BACKGROUND: The relative contributions of the different classes of antiretroviral therapy (ART), HIV infection per se, and aging to body shape changes in HIV-infected patients have not been clearly defined in longitudinal studies. METHODS: Since September 1999, men enrolled in the Multicenter AIDS Cohort Study have undergone measurements of body mass index (BMI) and body circumferences at each semi-annual visit. The effect of HIV-serostatus and cumulative exposure to the three major ART classes on changes in anthropomorphic measurements occurring between 1999 and 2004 among HIV-infected and HIV-uninfected men were determined using linear mixed effects regression models. RESULTS: At baseline, average BMI and circumference measurements were greater in HIV-uninfected men (n = 392) than HIV-infected men (n = 661) (BMI, 27.3 versus 25.3 kg/m; waist, 96.4 versus 90.2 cm; hip 101.3 versus 95 cm, thigh 54.1 versus 50.8 cm; arm 33.3 versus 31.7 cm, P < 0.001 for each comparison). Cumulative nucleoside reverse transcriptase inhibitor (NRTI) exposure, but not protease inhibitor or non-nucleoside reverse transcriptase inhibitor exposure, was associated with statistically significant changes in BMI (-0.11 ± 0.04 kg/m per year) and in circumferences of waist (-0.27 ± 0.07 cm/year), hip (-0.24 ± 0.05 cm/year), and thigh (-0.16 ± 0.03 cm/year) over the 5 years of follow-up. Independent of ART exposure, HIV-infected men had a more rapid increase in waist circumference over the study interval than did the HIV-uninfected men (difference 0.33 ± 0.15 cm/year, P = 0.02). CONCLUSION: Cumulative NRTI therapy was associated with longitudinal decreases in body circumference measurements, whereas HIV-serostatus was associated with increases in waist circumference independent of ART.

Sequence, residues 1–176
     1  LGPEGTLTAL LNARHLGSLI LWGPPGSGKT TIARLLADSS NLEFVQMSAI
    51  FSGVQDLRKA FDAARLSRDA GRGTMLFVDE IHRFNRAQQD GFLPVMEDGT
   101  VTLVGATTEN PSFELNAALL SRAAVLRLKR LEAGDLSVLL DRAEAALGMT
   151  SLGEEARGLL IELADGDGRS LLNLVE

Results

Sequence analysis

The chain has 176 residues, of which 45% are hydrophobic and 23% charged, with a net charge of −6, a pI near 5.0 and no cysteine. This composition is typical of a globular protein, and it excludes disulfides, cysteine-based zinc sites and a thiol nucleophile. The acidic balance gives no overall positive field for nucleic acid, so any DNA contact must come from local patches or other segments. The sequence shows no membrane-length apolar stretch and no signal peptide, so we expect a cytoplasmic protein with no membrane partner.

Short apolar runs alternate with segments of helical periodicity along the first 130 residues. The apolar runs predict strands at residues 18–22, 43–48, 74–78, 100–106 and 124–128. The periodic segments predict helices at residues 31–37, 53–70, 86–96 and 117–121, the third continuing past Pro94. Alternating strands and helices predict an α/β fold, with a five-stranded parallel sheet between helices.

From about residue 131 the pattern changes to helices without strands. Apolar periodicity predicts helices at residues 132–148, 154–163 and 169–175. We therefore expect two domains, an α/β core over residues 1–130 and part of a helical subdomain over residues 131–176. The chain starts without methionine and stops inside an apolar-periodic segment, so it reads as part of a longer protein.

- Waist circumference